Ford's Shelby GT350 Mustang throws a left hook at the BMW M4 – will it land the punch or miss the mark when it launches in 2015?
It's a rare event that I get excited for a new car launch. The vast majority of cars are unremarkable, and the select few that are mouth-wateringly desirable are tongue-biting expensive.
I usually find some nit to pick at the launch of even the most desirable supercars, and this typically boils down to a mental exercise my brain plays to reduce the pain of never owning said car because I can't afford it, or am unwilling to dish out the required dollars. "I would buy that 458 Italia Speciale, but gosh those intakes are so angular."
It's a real humdinger then, when a car launches in the glow of perfection. Every detail having been honed and perfected, your eyes and ears are left with nothing but captive adoration. Those chrome air vents that reflected sunlight in your eyes: deleted. The void between the rear wheels where a limited–slip diff should sit: filled.
Of course, no car is perfect, but a few come very close to perfection. The Porsche 911 (GT3, above all), BMW M5, Ariel Atom, Rolls-Royce Ghost, Jaguar F-Type, Ford Fiesta ST – they're all cars that strike at perfection in their unique corners of the market and at various price points; they're all cars that constitute more than the sum of their parts, cars that are animated, characterful and – dare I say – magical. They're cars that allow you to overlook the few misgivings they have because the package is otherwise truly excellent and intoxicatingly rewarding to drive.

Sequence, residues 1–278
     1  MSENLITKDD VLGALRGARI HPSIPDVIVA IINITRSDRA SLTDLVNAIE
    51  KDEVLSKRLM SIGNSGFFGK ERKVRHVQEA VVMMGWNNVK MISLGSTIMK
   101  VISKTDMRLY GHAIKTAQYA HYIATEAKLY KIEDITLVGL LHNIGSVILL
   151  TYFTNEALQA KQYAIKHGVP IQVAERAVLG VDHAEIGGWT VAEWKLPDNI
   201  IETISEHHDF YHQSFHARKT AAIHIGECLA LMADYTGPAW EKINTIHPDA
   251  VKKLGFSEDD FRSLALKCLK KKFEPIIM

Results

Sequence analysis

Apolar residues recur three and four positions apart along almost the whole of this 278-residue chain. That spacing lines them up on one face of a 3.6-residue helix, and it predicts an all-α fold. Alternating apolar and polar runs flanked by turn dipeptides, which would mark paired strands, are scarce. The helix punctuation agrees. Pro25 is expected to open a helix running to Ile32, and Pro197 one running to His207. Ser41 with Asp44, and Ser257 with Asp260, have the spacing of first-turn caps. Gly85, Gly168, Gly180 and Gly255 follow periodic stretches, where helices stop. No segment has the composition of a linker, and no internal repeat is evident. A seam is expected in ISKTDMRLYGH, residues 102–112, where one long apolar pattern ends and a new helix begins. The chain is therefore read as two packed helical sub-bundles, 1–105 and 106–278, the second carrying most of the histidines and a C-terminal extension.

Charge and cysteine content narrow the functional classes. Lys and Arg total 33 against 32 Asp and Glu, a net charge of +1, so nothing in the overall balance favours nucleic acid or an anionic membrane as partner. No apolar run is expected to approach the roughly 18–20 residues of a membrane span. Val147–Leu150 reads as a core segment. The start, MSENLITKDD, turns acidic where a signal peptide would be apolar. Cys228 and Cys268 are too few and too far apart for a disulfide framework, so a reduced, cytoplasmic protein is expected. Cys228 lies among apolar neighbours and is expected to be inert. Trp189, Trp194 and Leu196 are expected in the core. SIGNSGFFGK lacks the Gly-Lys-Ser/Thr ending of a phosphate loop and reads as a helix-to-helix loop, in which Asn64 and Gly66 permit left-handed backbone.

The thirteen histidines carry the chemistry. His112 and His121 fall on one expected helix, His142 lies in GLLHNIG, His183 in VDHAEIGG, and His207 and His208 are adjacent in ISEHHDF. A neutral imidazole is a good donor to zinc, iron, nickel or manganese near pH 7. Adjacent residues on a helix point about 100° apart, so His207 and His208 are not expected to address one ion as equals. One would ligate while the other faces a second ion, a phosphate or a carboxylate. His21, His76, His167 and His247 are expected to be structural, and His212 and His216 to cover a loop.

This brings us to the launch of the Shelby GT350. Nobody saw this coming – not to this degree of excellence.
The original GT350 was Carroll Shelby's first kick at the street-legal high(er) volume performance car can. Shelby's mandate with the GT350 was clear from the beginning, but the lump of clay that Ford continually handed him was, well… lumpy. Even Shelby – an accomplished racer and designer – couldn't quite shape the Mustang into a full-on world-class competitor on the same stage as BMW, Porsche, Ferrari, Lotus and other admittedly more expensive sports cars.
Fast-forward to 2011 and the GT350 nameplate was resurrected after a 40-year hiatus – but ultimately amounted to a bolt-on parts job by a tired Shelby garage that had yet another mediocre sports car platform to start with (can you say "wagon-axle?").
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